Accuracy: I am trying to be very thorough in my accuracy review of these models, as I missed several items in my last two reviews...I know...I know...but it's true. If I missed something that you notice, please mention it in the forum post that will accompany this article. The first thing you notice is the PSC tanks have very distinct, sharp angles and clear detail. In both the Battlefront and PSC versions I found some things "off" from the real tank. The first is the exhaust piping. All of the photos I found of the T70 had the exhaust piping going up on the upper rear deck and not under the little shelf on the right side. The mounting brackets as well are a full wrap around on the PSC model and do not reflect the pictures I have seen to date of actual T70s.
The fender brackets at first glance appear to be different. With the PSC model having 4 on each side and Battlefront having 3 on the right and 4 on the left. I found pictures were both styles existed.
The turret is our next stop. and we have several things here. The PSC model doesnt have the lifting points on the gun mantlet where the BF model does. You will also notice that the BF turret has little "bumps" on the both the right and left side and the PSC turret is smooth. I have seen pictures of both styles, more with the bump than without, however.
On the rear of the turret, there is a little hook. PSC represents this with a single line whereas BF uses 2 lines that give a better impression of the hook.
One thing that did jump out at me is the size difference in the two turrets. The PSC turret is slightly bigger, and I believe truer to scale.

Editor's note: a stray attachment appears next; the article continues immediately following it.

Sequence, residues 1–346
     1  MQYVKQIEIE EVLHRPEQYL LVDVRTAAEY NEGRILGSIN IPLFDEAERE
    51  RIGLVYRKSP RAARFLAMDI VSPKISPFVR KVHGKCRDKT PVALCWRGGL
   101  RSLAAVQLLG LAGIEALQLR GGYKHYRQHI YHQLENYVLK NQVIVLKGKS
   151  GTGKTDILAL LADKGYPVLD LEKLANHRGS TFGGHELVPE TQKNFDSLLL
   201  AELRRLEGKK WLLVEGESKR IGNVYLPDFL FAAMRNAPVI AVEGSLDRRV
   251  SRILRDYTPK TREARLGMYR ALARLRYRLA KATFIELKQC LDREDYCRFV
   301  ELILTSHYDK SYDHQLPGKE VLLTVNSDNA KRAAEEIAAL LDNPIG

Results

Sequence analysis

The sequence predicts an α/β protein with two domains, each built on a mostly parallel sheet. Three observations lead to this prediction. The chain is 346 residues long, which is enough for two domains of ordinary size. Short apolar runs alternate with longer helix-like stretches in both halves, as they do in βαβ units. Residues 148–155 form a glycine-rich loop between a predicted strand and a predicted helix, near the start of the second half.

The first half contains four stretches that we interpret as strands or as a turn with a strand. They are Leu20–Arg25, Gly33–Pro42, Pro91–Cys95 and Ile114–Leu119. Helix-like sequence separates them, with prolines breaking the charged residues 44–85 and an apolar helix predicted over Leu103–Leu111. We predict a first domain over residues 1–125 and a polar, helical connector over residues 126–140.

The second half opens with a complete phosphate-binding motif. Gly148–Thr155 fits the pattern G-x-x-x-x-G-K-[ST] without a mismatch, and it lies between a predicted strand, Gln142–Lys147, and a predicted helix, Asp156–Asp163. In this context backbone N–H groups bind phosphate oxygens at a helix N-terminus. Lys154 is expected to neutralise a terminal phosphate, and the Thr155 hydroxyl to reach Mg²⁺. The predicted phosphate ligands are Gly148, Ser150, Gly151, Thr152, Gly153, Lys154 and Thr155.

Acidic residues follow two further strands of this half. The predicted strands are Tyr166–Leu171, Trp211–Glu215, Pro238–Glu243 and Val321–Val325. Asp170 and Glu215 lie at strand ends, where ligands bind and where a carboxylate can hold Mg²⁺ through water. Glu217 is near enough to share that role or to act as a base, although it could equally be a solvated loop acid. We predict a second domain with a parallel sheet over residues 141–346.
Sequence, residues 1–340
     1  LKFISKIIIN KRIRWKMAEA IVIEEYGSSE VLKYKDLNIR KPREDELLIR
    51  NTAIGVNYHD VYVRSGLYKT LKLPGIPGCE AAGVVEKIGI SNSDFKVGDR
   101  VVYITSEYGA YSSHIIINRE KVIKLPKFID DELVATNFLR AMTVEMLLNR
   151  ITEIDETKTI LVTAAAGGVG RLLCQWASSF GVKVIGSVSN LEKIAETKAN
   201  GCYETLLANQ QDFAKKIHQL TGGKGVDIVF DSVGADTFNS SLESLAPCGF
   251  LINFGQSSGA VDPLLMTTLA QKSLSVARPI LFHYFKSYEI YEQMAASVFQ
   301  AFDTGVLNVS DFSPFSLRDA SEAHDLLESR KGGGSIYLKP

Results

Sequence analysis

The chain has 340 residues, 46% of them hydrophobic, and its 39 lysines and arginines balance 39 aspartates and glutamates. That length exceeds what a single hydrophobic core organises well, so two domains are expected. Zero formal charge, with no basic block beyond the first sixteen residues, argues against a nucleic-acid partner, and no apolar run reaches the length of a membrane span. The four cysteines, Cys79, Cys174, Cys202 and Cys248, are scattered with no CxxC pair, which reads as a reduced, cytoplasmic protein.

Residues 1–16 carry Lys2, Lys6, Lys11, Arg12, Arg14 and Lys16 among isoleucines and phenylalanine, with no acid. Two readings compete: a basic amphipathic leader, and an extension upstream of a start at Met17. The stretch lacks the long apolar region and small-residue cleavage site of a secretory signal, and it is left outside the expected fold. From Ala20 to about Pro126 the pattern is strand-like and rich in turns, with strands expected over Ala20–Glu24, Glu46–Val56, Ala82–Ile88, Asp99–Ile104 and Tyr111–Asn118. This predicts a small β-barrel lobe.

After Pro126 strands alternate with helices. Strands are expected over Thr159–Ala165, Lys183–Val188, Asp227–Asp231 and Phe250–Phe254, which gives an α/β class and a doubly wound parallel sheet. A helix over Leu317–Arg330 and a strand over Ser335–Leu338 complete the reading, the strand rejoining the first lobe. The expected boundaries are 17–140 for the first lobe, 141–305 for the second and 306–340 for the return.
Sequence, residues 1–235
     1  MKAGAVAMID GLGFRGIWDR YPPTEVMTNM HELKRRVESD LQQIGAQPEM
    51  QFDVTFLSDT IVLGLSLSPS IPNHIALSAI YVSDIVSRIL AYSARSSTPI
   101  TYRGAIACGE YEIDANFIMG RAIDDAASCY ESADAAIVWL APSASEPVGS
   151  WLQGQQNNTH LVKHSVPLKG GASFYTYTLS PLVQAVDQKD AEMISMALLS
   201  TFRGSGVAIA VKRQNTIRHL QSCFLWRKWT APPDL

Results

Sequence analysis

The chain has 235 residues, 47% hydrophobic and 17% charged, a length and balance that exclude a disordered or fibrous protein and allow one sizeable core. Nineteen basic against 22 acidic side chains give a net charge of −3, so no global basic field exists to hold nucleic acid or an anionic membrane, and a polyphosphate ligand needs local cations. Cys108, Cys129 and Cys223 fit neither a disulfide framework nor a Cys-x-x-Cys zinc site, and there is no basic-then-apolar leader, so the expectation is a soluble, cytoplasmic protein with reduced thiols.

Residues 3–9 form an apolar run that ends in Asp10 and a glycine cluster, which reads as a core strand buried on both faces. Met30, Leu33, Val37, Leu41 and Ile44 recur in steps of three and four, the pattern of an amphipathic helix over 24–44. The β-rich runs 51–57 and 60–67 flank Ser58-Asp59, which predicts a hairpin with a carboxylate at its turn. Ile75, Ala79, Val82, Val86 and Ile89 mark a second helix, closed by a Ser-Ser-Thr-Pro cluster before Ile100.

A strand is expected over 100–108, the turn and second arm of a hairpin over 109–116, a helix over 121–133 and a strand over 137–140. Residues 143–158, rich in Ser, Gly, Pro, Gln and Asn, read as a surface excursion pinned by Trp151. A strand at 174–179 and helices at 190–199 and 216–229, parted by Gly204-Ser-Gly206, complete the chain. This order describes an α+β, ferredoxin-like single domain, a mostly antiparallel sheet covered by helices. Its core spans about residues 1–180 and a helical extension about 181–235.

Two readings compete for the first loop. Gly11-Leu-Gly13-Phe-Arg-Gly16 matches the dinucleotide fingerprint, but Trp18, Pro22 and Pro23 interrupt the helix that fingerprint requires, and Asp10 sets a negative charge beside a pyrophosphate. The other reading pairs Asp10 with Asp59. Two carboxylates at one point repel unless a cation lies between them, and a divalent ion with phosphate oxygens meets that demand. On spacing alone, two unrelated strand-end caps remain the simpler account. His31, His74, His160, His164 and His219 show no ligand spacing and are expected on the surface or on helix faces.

For the tank commander, PSCs is very stiff and the chest seems out of proportional to the head. BF's commander is of the heroic scale, so slightly exaggerated features, but is at least proportional to itself.
Rating: 8/10 for PSC and 8/10 for BF. Each got most of it right. The turret size brought BF down, but the commander and other details brought it back up. The exhaust brackets, crew member and other little details were what brought the PSC model down a tad.
Quality: I had a few issues with the BF model. The tracks didn't align and needed a good bit of filing in order to fit. Also the Resin hull lacked crisp detail, especially on the rear hull deck. The PSC tank was very high quality. Very crisp detail on every piece. The only issue with quality here comes with the builder's skill as a modeler. This is a model. Do not forget that. The end quality of the model depends on you. Rating: PSC 10/10 and BF 7/10.
With regards to assembly of these models, it took me 3 times as long to assemble the PSC T70 than it did to build the BF model. Time and ease of assembly is not part of actual rating scheme, but it is something you need to be aware of. The Battlefront model had 7 pieces (counting the crew member) and I was able to clean and assemble it all in slightly over 8 minutes. This included the filing required to get the tracks to fit.
The PSC T70 took slightly over 24 minutes (24 mins and 43 seconds to be exact). This was down from my worst time of just over 28 minutes on the first tank. The last 3 tanks were all completed with 30 seconds of this best time, so I do not think my time would have gotten much faster after hitting that best time.
There are 16 pieces counting the crew member. Some are a little fiddly and for this a pair of tweezers comes in very handy. Every piece needs to have some flash trimmed from where you cut it off of the sprue. Additionally, there are two little cylinders on the back of the tracks that need to be removed and filed smooth as well.